urrent Chairman of the Board of Managers, Air Force Museum Foundation, Lt. Gen. (Ret.) Richard V. Reynolds, USAF
From the Executive Director of the Air Force Museum Foundation:
A Message from the Chairman
reetings and salutations from your National Museum of the United States Air Force® and from your friends at the Air Force Museum Foundation. One word can summarize 2012:Transition. In January we embarked on a new direction for the Air Force Museum Foundation; Foundation 2.0—building on our legacy—and improving our capacity to succeed at fundraising. The impressive numbers below highlight some of the Foundation’s biggest accomplishments from the past year, but those numbers don’t tell the whole story.
o learn the stories behind the data and discover more about how we connect donors, Friends, and aerospace enthusiasts around the world to support the Museum, dive into our Annual Report and explore our exciting Business Unit activities.
xecutive Director of the Air Force Museum Foundation Col. (Ret.) Larry “Scoop” Cooper, USAF
$7,125,554 2012 Foundation Gross Revenue $2,926,510 2012 Foundation Net Income 350,000 Total number of transactions that the Museum Store, Theatre, and Café completed in 2012
$42,800,000 Net worth of the Foundation at the end of 2012 Stars awarded to the Foundation (highest possible) by Charity Navigator, America’s premier independent charity evaluator
Over $52,000,000 Amount gifted to the Air Force since 1960 86 Percent Amount of the existing facility that was directly funded by Foundation business and revenue income investment and donations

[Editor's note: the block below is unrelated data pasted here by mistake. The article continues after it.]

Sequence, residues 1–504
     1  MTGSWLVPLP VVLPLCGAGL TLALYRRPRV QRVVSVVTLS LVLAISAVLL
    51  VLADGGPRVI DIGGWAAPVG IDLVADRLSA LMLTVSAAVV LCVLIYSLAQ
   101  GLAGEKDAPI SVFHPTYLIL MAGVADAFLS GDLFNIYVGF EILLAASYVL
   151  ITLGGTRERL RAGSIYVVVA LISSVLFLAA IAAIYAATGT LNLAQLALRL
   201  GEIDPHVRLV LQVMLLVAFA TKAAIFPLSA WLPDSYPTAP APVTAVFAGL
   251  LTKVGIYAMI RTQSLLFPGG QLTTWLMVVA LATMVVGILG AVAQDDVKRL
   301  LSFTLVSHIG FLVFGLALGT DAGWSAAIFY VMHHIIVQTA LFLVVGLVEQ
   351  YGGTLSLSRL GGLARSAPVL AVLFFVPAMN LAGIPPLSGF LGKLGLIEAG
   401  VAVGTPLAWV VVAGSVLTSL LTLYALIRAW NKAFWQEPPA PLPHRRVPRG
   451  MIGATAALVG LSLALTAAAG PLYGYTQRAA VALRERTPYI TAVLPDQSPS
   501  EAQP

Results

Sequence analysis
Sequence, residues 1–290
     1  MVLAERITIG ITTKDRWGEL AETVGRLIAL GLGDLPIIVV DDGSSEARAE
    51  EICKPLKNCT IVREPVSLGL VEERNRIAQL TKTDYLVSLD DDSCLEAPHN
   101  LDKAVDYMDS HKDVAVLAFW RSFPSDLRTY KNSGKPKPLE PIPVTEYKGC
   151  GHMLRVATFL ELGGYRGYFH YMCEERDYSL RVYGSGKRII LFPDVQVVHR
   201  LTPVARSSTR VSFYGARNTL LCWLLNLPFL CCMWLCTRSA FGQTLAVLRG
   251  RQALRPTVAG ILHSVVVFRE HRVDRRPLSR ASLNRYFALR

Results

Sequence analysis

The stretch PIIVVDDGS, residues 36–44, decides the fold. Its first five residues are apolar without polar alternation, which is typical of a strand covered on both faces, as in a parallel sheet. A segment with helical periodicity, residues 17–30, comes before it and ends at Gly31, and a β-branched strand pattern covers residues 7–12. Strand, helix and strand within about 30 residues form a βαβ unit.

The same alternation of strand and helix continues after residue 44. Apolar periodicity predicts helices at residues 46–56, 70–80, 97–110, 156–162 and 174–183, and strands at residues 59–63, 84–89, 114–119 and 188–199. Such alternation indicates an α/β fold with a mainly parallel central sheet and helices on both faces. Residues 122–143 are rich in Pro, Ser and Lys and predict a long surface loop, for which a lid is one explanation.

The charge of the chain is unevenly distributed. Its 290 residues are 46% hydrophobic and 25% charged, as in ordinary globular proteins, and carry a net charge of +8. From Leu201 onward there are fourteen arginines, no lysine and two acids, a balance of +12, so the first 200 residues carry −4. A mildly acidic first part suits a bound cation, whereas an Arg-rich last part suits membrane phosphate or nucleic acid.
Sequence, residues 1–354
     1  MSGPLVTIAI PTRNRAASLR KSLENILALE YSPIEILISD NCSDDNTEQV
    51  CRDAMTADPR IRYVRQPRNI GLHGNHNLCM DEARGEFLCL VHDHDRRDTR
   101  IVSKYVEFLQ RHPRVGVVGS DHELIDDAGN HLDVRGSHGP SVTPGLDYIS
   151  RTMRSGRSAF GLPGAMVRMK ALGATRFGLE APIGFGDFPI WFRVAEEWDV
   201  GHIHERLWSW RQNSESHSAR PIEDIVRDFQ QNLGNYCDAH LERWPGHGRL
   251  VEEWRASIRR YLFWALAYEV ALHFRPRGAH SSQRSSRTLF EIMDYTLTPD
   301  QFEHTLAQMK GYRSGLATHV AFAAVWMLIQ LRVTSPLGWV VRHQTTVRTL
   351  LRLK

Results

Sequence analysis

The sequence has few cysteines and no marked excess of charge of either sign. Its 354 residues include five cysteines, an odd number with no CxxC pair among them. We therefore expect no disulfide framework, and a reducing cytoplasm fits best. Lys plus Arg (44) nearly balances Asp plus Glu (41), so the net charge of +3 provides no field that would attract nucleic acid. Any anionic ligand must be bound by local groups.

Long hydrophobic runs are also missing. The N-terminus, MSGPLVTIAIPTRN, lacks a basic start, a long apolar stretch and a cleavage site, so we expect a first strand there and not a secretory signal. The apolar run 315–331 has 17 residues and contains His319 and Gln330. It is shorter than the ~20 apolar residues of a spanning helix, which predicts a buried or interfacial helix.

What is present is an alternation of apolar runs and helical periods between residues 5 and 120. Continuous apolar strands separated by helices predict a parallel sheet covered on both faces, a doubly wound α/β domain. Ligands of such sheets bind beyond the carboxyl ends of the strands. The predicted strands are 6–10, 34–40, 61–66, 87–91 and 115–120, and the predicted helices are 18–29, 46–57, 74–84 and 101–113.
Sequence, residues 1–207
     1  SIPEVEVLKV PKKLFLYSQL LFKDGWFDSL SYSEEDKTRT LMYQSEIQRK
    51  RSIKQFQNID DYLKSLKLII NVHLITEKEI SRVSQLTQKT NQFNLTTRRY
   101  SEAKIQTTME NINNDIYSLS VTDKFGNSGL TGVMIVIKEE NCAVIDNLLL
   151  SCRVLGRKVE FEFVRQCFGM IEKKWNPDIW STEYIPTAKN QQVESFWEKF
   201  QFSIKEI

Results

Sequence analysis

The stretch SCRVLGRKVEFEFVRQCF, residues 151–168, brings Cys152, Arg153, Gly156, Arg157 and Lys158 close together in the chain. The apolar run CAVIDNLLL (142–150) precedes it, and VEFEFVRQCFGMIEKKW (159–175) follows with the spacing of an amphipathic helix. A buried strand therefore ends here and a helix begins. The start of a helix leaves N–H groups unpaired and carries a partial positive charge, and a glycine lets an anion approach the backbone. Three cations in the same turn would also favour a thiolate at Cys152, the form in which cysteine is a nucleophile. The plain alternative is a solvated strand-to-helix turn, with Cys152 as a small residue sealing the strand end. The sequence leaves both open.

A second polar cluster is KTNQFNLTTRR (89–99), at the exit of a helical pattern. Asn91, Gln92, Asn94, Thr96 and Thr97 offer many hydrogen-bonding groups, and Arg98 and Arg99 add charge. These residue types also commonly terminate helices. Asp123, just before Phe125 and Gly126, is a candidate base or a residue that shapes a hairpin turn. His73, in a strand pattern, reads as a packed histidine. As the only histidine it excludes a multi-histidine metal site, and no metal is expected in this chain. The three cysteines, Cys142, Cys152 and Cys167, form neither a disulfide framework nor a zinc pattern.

Dear Friends of the National Museum of the United States Air Force, Let me begin with hearty thanks for your stalwart and enduring support of the Air Force Museum Foundation and National Museum of the United States Air Force® over the past year. Your participation as a Friend is the bedrock on which we are building a better and stronger Foundation. The past year brought important changes in Foundation staffing, organization and operations. As 2012 began, Colonel (retired) Larry H. “Scoop” Cooper took charge as our first Executive Director, and after an intensive effort to reset the Foundation strategy, he undertook the modernization of our financial management systems. This action quickly improved our ability to manage business income and investments, as well as donor pledges and contributions. He drove authority and accountability down to lower levels in the organization, which yielded a number of innovations suggested by the Foundation team, several of which were quickly implemented and are producing excellent results at both the bottom line and in Museum visitor satisfaction. New dynamic flight simulators, member appreciation nights, upgrades to the Friends Journal and Museum Store, “dog tag” sales and a major renovation of the Museum’s giant-screen theatre are among those positive changes. Fundraising for construction of the planned Museum 4th building continued to be a major focus in 2012, alongside ongoing support of special events like the April 2012, 70th Doolittle Raider Reunion. Led by the Chief Development Officer, our “Expanding the Legacy” campaign engaged businesses, other foundations and individual donors all across the nation, and abroad. Early May saw the transition from a behind-the-scenes, private campaign, to a public one, and the spectrum of fundraising efforts grew commensurately. And like the innovations in our business operations described above, the Development Office implemented exciting new ideas to win donor support—ideas like Legacy Data Plates, cellular phone text message donations, regional fundraising receptions, donor recognition events, increased membership levels and benefits, more visible planned giving options and absolutely first-class, USAF-approved donor recognition in the Museum galleries. In spite of strong economic headwinds, we have achieved great results and have declared the “final approach” phase of the campaign. The year ahead will be pivotal for the 4th building project, so I ask for your continued support—and you can count on your Board and Foundation staff to do our level best to see this campaign through to successful completion. I genuinely hope you share the pride in what the Air Force Museum Foundation achieved in 2012, for the National Museum of the United States Air Force®, and ultimately for the visitors from around the globe, who come to Wright-Patterson AFB to walk the galleries and learn the stories of Airman across the ages. The year 2013 will certainly present new challenges, and most likely tough tests of our flexibility and creativity. But I am certain that it will bring new exciting opportunities as well, and I look forward to reporting in these pages even more impressive and exciting results for 2013. With utmost respect and gratitude,